Goldwater scholar making the most of summer break

May 22, 2012 5:43 AM

Belinda Lacoste

Volunteering in East Africa, writing a cookbook, designing medical equipment — these all add up to making a difference for Angela Czesak, a biomedical engineering undergraduate student at Tulane University who received a 2012 Barry M. Goldwater Scholarship.

Angela Czesak

“Helping the world, one summer at a time” is the title of her blog and the goal of Angela Czesak, an undergraduate in biomedical engineering, who is going to Tanzania this summer. (Photo by Cheryl Gerber)

The $7,500 scholarship is presented to outstanding students in the sciences, math and engineering.

Czesak’s application for the scholarship was based on her volunteer work in Africa and research in the laboratory of Sergey Shevkoplyas, an assistant professor of biomedical engineering.

“I’ve been to East Africa and I’ve seen what it’s like in hospitals in rural areas,” says Czesak. “Sometimes there’s no water, sometimes there’s no electricity and trained staff is limited.”

The goal of the research Czesak will continue during her senior year is to develop a low-cost, portable system for separating blood into components. This would enable life-saving transfusions in resource-limited areas for treating maternal hemorrhage and severe childhood anemia.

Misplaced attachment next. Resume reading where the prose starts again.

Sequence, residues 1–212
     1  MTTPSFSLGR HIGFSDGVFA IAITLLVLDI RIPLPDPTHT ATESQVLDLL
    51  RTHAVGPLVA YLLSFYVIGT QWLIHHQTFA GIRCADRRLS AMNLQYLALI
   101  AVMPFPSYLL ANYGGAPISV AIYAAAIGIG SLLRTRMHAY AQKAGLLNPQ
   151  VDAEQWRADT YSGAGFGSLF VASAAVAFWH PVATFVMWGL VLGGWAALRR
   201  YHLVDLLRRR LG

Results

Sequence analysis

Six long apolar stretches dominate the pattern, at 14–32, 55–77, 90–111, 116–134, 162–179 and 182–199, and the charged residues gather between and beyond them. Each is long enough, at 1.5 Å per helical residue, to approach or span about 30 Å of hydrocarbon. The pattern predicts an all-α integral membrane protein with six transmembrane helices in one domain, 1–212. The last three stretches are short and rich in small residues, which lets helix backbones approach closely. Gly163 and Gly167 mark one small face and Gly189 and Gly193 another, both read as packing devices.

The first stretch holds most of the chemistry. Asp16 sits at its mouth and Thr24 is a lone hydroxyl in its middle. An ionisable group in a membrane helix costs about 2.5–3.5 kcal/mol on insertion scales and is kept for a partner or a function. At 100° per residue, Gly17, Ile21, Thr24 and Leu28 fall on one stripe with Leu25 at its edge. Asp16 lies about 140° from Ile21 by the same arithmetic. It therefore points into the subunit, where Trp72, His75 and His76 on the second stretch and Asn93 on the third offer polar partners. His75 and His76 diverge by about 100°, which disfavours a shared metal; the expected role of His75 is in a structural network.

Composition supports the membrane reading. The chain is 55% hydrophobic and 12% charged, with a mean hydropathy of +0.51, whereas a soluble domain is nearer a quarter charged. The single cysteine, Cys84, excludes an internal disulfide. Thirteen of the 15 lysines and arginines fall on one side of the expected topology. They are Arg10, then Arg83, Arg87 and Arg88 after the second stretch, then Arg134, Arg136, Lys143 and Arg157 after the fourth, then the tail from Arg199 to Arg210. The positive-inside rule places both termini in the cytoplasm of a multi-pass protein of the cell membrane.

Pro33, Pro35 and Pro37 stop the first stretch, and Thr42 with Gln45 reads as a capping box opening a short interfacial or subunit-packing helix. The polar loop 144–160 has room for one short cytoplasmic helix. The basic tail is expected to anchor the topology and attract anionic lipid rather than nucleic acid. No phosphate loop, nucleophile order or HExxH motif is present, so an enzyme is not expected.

But first there’s summer. “I’ve been planning since November,” says Czesak. “I knew I wanted to go back to Africa, and this is my last year as an undergraduate. So why not take advantage of Tulane’s great funding opportunities and make this summer my most meaningful yet?”

Czesak received a $4,000 Newcomb-Tulane College Gordon Summer Fellowship and a $500 Newcomb Institute Award to support summer internships in Tanzania.

Her work with two engineering nonprofit organizations will involve designing equipment to ease the hard labor of agricultural workers, further developing existing products and assessing the needs of local villagers.

Czesak also will volunteer at a vocational training residence for victims of human trafficking.

“One of my main projects is to create a cookbook of the meals and recipes the women at Faraja learn to cook during their year-long stay at the center, and sell them next semester,” Czesak says. “Their biggest need at the moment is a vehicle, so I’m aiming to raise $7,000.”

Belinda Lacoste, who received a bachelor of arts degree this May from the School of Continuing Studies, is a staff member who writes for the School of Science and Engineering.

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